This Online Twitter Museum Posts Ridiculously Interesting Finds, Here Are 50 Of The Best Ones Interview
There are three things that we believe without a shadow of a doubt. First of all, Planet Earth is ruled by a shadowy cabal of Feline Overlords—The Illumeownati who spread their influence through cat pics. Secondly, pineapple definitely belongs on pizza, and there’s nothing you can say that’ll change our minds. And finally: fact really is stranger than fiction.
The past is a far stranger land than many of us assume. We’re surrounded by weirdness every day on the internet, on the subway, and in our very own minds. But after taking a good long peek through the fuzzy black-and-white static into the decades and centuries that came before us, we can safely say that we’ve always been living in an extended special of The Twilight Zone.
From weird vintage contraptions, knick-knacks, and clothes to bamboozling products, ads, and inventions, some of the strangest things that human history and creativity has to offer end up being shared on ‘The Museum of Curiosities’ Twitter page, run by the Monsieur Pompier’s Travelling Freakshow musical group.
Cue the creepy carnival music and grab a bag of popcorn, Pandas, we’re about to travel back in time for a heavy dose of Weirdness with a capital ‘W.’ Don’t forget your fave pics, and be sure to let us know what you think in the comments. Just… don’t feed the clowns. Intrigued by the pics? Check out Monsieur Pompier’s socials and album, too. Their music has a pretty cool vibe.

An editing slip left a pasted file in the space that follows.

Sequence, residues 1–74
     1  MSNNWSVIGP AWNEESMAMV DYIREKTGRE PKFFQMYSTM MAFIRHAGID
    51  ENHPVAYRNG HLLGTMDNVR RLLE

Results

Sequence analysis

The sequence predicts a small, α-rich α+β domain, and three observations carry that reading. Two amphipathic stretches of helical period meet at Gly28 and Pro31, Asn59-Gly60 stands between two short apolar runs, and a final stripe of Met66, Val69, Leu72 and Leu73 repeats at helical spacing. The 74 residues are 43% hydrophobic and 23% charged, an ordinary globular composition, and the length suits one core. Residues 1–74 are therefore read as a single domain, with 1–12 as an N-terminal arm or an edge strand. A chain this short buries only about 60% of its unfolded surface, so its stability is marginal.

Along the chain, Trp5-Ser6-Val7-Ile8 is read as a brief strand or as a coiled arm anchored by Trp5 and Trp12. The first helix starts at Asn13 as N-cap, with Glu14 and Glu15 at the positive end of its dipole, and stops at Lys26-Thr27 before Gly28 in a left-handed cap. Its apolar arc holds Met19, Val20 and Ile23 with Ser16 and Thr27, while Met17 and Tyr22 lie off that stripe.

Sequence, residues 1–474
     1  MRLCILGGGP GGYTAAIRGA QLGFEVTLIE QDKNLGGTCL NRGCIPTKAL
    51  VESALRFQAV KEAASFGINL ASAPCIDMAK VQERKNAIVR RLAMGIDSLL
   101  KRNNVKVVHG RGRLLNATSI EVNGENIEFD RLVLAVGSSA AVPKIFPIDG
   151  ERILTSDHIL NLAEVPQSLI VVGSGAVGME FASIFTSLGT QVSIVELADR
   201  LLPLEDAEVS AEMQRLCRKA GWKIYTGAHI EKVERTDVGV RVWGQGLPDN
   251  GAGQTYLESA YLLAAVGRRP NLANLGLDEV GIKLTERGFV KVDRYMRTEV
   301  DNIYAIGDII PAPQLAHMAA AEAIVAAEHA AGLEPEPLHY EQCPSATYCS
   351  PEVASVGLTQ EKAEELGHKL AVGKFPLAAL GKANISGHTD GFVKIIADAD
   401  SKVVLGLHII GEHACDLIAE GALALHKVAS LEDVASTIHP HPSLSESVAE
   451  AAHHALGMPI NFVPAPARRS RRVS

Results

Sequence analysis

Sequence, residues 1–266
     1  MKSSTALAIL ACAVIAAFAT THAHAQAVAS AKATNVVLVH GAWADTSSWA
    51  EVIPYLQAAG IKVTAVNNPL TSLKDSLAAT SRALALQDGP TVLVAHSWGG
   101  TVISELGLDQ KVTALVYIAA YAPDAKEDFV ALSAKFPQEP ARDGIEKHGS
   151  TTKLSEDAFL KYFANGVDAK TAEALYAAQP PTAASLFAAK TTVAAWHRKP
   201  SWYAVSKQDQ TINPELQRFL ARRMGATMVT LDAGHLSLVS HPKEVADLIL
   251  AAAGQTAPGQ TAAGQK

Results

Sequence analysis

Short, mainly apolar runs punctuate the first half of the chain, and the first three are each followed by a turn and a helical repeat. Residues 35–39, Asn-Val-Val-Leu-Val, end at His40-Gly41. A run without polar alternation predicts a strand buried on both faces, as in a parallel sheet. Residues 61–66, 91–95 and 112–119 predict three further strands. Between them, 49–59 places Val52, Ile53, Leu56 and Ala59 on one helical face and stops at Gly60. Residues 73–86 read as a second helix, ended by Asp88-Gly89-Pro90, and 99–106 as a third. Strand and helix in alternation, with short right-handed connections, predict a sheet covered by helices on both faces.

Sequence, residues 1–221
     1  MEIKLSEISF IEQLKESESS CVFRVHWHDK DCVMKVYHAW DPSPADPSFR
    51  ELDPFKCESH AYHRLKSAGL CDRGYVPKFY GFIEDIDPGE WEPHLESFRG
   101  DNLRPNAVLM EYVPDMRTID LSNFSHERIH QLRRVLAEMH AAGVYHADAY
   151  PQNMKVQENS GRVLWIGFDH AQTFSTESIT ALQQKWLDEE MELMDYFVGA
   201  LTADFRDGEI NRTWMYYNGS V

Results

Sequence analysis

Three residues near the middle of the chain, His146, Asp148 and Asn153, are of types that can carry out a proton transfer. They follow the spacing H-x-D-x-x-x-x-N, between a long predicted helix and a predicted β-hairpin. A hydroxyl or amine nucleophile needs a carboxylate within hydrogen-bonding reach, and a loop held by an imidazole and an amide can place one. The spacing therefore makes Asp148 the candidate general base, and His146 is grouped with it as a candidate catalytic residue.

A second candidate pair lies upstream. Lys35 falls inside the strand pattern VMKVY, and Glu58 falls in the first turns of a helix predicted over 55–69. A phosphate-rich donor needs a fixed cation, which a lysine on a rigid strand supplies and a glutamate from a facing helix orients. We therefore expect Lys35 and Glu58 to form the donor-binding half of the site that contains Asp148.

Bored Panda got in touch with Paul, aka Monsieur Pompier himself, and he was kind enough to tell us about the 'The Museum of Curiosities.' An incredibly cool thing is that he's actually planning on turning it into a real-life museum! This is the very first time he's revealed this publicly. "The big news is that I am turning the museum into a reality! Next year I am hoping to open my own real-life physical Museum of Curiosities here in my hometown of Dublin, Ireland. I can't say much more about it for now, but if anyone would like to help make this dream a reality they can donate here." Check out our full interview below, Pandas!
Paul, aka Monsieur Pompier, revealed to Bored Panda that originally, 'The Museum of Curiosities' was called 'Vintage Oddities.' "Then, after that, I used the account more as a vehicle for my band Monsieur Pompier's Travelling Freakshow. Over the past year or so I decided to go back to my roots with the account and focus more on weird curiosities and oddities of the past, especially as the idea to launch my own 'real life' museum was building day by day," he said.
"I took big inspiration from one of my favourite websites on the internet 'The Museum of Ridiculously Interesting Things' curated by Dr. Chelsea Nichols and Viktor Wynd's 'Museum Of Curiosities' in London as well as a bunch of other museums both real and fictional who operate in the same strange world as me. I'm a magpie for anything oddball and unusual, especially from the past so I'm always on the lookout for stories about things like old medical devices, bad taxidermy, the occult, bad inventions, weird unsolved mysteries, and so on.
Monsieur Pompier shared his thoughts with Bored Panda about why the Twitter account's content resonates with so many people. "People are always looking for something outside of the ordinary, something beyond their reality or as an escape from mundanity. It's probably similar to the success of ghost stories or horror movies, there seems to be a magnetism towards what frightens or unsettles us," he said.
"I think particularly now as we're living through the sterility of the internet age, these strange physical objects of the past with fascinating back stories harness an even greater aura of mystery and shine a light on bygone times and customs."
Paul mused that when the people of the future look back on this era, they might actually see it as "the second wave of quack medicine, with self-medication and the power of pharmaceutical companies growing all the time."